Here’s How You Pack and Ship a Blue Whale Heart


Museums are a bit like icebergs—most of the real work goes on under the surface or behind the scenes. By 2017, the Royal Ontario Museum (ROM) hopes to make two incredible additions to its collection: the reassembled skeleton and preserved heart of a blue whale. But before the whale’s remains can go on display, museum staffers have got some very messy work to do.

The owner of the massive heart and bones washed up on the beach in Rocky Harbour, Canada in 2014. ROM staff and volunteers went to the beach, collected the whale’s remains, and took them back to the museum. To keep the heart from falling apart, they left it soaking in a steel tank full of formaldehyde.

“The reason why we tried to preserve it in the first place is it's kind of a mythological organ," ROM interim CEO Mark Engstrom told CBC News.

But a limp, pickled heart, even an enormous one, isn't much to look at. So the museum decided to send the massive organ to Germany for plastination.

The word plastination may sound familiar; it’s the same process used to preserve and prepare the human bodies used in the famous Body Worlds exhibition. In plastination, bodily fluids are replaced with a flexible silicone that helps support the structure of the surrounding tissues, thus allowing body parts to maintain their shape.

The whale’s heart will be preserved in Germany—but it had get there first.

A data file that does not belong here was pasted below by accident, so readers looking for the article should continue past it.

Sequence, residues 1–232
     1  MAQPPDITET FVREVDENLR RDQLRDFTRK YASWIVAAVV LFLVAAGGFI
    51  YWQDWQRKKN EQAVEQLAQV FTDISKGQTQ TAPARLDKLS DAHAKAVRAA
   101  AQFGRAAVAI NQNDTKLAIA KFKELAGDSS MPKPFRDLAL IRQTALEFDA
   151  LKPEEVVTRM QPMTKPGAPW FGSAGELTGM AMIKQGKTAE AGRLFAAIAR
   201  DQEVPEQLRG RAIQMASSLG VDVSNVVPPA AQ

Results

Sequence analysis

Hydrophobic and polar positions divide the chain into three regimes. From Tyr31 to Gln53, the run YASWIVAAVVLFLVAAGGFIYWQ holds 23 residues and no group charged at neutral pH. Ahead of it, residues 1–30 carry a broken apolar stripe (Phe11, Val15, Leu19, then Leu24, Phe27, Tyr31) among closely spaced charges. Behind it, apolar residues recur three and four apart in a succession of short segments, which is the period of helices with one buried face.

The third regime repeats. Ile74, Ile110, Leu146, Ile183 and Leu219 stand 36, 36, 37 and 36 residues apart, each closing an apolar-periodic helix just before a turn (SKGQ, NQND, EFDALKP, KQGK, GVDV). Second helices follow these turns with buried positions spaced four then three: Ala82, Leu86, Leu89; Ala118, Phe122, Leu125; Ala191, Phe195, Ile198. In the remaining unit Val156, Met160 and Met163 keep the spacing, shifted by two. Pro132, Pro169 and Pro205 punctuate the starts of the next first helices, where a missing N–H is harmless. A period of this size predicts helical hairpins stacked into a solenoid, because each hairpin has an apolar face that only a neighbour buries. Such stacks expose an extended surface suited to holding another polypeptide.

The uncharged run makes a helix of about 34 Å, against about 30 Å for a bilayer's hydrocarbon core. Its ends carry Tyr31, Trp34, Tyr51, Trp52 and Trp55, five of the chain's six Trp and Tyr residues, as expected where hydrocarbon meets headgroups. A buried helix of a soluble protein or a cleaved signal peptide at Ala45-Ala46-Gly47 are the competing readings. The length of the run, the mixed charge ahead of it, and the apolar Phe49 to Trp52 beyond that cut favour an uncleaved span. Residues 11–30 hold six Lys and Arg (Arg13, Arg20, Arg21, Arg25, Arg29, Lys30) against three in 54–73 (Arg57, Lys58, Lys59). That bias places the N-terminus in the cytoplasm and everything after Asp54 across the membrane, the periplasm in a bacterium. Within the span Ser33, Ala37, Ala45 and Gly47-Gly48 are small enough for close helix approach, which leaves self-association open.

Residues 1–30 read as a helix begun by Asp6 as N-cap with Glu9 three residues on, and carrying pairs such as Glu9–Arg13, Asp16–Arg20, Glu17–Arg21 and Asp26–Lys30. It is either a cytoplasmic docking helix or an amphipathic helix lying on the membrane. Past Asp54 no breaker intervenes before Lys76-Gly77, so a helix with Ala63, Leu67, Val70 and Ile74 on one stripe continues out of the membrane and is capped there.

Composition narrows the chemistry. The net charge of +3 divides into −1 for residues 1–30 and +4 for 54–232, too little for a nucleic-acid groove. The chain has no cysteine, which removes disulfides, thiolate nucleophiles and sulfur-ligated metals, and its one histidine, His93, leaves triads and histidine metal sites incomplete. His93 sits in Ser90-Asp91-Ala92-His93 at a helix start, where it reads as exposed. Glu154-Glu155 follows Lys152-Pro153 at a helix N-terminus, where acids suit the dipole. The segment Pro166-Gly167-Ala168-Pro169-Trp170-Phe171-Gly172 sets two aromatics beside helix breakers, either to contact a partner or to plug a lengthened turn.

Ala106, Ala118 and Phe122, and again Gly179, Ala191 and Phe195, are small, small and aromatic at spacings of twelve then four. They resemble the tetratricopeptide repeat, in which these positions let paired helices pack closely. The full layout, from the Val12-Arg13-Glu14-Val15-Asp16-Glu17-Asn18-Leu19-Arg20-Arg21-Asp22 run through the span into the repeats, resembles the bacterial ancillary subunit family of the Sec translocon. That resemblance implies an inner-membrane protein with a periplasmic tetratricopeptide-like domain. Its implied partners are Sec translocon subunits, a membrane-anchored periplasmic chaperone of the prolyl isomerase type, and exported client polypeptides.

So how do you ship a 400-pound lump of flesh? Very, very carefully. Six volunteers spent eight and a half hours carefully removing the heart from its tank, draining it of liquid, then painstakingly packing it to ensure the giant organ wouldn’t be exposed to mold or at risk of drying out during its trip. The finished product involved a forklift, a lot of tape, 12 garbage bags’ worth of packing peanuts, and a boatload of paperwork.

Because blue whales are endangered, mailing their body parts across the world requires a whole lot of documentation. The paperwork “took a lot longer than actually shipping the heart did,” technician Jacqueline Miller told the CBC.

The team’s hard work paid off. The whale heart arrived safely in Germany, and the plastination process will begin soon. In the meantime, ROM workers have turned their attention to cleaning the whale’s skeleton.

Header image courtesy of Royal Ontario Museum.